Skip to content

Falcon’s “Yankee Tavern” Gives You Performances You Can Believe In

Review By Laurel Humes of Yankee Tavern: Falcon Theatre

Conspiracy theories. Laughable or true? Trivial or deadly?

Yankee Tavern, now at Falcon Theatre, takes on many of those theories. You will find yourself both laughing and wondering during the course of this well-staged production of Steven Dietz’ play.

It’s 2006 in New York City, just five years after the 9/11 attack. We’re in a small neighborhood bar, a setting chosen because, as Dietz says, “taverns are home to the tallest of tall tales.”

The tallest-tale teller is Ray (Ted J. Weil), such a long-time customer that he has his own key. Ray’s life work, it appears, is to spin through all the conspiracy theories that have haunted horrible events, from JFK’s assassination to the Twin Towers attack.

And the moon landing! Ray says what we watched on TV was fake (“A buddy of mine did the lighting for it.”). The actual landing was on a moon we can’t see.

Ray also claims the Yankee Tavern itself was impacted by 9/11. The jukebox died when the planes struck, right in the middle of (how appropriate) “American Pie.” It hasn’t worked since.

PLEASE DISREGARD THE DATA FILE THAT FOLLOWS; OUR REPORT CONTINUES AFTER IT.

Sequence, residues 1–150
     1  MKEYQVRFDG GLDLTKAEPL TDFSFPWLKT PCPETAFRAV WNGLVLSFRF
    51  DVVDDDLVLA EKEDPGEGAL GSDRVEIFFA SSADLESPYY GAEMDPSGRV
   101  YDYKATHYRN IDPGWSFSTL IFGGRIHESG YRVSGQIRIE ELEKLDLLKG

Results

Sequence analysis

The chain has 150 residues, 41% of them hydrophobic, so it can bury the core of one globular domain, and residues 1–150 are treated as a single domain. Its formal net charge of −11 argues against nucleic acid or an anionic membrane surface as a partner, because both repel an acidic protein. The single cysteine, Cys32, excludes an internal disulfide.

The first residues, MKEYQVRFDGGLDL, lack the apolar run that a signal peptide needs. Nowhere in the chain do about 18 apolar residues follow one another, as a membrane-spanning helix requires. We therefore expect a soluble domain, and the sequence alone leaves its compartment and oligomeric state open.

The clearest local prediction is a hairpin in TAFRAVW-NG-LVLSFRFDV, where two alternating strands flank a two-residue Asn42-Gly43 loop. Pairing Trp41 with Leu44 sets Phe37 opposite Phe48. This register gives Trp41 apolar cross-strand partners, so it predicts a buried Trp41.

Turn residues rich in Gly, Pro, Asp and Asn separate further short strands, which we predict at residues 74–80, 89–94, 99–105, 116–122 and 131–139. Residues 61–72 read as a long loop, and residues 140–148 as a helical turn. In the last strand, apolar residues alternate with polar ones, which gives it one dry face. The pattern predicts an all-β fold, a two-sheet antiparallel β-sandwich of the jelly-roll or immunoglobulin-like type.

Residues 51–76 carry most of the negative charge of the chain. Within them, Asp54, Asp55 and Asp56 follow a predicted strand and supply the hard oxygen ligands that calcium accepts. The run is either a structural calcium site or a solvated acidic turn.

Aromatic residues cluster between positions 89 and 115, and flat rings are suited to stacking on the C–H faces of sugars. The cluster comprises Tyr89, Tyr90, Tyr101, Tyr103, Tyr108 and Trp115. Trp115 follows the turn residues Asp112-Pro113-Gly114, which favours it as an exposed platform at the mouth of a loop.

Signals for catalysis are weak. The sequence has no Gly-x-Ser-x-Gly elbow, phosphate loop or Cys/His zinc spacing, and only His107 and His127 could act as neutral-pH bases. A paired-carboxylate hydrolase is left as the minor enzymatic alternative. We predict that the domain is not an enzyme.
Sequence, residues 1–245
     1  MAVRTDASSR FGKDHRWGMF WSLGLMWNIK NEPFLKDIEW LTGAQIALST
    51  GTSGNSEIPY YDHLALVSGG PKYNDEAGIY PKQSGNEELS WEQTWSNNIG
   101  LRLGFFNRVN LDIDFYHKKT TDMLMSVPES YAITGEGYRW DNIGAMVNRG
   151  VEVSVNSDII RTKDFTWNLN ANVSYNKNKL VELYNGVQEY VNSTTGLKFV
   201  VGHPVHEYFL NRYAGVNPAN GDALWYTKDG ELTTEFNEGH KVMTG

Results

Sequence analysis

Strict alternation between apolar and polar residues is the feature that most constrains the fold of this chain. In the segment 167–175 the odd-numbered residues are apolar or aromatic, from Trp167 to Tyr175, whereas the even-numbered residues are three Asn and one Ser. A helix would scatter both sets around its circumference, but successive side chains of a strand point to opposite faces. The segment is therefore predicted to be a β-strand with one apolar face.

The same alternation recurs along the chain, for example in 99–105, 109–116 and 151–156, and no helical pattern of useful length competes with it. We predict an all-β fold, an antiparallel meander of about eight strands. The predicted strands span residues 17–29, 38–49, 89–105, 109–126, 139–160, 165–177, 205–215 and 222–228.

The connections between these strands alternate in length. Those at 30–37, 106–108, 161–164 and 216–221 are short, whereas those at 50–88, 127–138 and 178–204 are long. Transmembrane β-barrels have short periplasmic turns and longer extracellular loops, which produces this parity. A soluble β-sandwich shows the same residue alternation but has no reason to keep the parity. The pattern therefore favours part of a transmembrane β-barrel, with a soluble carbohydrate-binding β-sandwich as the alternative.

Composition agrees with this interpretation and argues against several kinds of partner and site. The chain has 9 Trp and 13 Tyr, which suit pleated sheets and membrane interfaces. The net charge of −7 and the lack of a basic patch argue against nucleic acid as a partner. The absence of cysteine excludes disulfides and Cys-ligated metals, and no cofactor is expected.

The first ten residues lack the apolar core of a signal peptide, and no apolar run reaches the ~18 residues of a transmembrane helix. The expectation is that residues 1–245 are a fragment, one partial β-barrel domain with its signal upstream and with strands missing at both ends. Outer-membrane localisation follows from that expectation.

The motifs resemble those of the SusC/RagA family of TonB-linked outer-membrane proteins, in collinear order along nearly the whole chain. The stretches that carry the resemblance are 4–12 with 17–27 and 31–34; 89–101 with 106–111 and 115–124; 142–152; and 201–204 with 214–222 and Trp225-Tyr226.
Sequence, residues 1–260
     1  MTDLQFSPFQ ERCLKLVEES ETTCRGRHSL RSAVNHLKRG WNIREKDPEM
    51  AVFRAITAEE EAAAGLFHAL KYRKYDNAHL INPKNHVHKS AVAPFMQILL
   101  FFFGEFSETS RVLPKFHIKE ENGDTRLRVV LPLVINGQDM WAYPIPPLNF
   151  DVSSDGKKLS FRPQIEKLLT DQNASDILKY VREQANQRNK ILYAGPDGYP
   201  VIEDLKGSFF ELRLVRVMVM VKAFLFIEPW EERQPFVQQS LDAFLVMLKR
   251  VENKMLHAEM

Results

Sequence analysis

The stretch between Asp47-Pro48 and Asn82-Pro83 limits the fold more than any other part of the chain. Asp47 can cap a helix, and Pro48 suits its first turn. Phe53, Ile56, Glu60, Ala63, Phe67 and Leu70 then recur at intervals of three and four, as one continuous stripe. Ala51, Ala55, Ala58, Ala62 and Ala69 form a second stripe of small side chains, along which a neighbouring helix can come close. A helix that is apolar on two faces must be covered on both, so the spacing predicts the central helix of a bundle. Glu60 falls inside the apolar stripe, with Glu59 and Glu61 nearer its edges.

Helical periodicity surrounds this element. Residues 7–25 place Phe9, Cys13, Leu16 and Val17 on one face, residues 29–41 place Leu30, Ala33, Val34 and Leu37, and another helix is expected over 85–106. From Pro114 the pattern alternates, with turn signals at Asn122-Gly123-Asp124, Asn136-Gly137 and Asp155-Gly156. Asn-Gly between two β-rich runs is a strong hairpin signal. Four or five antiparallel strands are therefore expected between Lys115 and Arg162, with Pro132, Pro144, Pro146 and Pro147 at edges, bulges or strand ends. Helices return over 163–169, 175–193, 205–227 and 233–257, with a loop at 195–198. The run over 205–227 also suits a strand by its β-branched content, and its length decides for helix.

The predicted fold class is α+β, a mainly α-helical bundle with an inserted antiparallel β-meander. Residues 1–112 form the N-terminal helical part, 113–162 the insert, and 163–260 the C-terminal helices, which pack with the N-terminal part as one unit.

Bar owner Adam (Kyle Parker Daniels) and his fiancée Janet (Becca Howell) argue with Ray, but mostly lovingly tolerate him. Adam’s late father owned originally owned the bar, and Ray was his best friend.

Besides, Adam and Janet have other things in their lives: the wedding, her job, his college studies. And the bar is slated to be demolished by the city. They can move on.

But then a stranger (Terry Gosdin) walks into the bar. Mostly silent, listening, but with his own apparent mystery. He orders two beers and places one at the barstool next to him. For an invisible buddy?

Yankee Tavern’s second act gets more serious. A conspiracy theory comes home, unfolding in real time and personally affecting all the characters.

The acting is superb in Falcon’s Yankee Tavern, starting with Weil’s portrayal of Ray. The Weil many Falcon patrons know is “disguised” by a big scruffy beard.  He proclaims Ray’s beliefs loudly and energetically to all who will listen, including radio talk shows. He’s a crackpot, but Weil also makes him likeable.

Daniels is so natural in his role of Adam that you believe him absolutely. Which makes the secrets he is keeping all the more believable.

Howell’s finest scenes come in Act 2, the dramatic meat of the play. Especially moving is a near-monologue about her connection to a 9/11 victim.

The playwright never lets us know exactly who Gosdin’s character is. CIA? FBI? More undercover than that? Gosdin plays it straight, understated, with absolute chilling certainty about the dangerous story he’s telling.

Yankee Tavern reminds us that conspiracy theories are compelling because there is just enough fact and seeming truth to make you believe the story could be true.

Special kudos to set designer Tracy M. Schoster, who also directed, and prop designer Kaitrin McCoy. The set for this aging tavern set is amazingly believable, from the beer signs to ancient juke box, cash register and even cigarette machine.

Yankee Tavern continues Thursday-Saturday through Oct. 13 at Falcon Theatre, 636 Monmouth St., Newport. Tickets are available at 513-479-6783 or at http://falcontheater.net.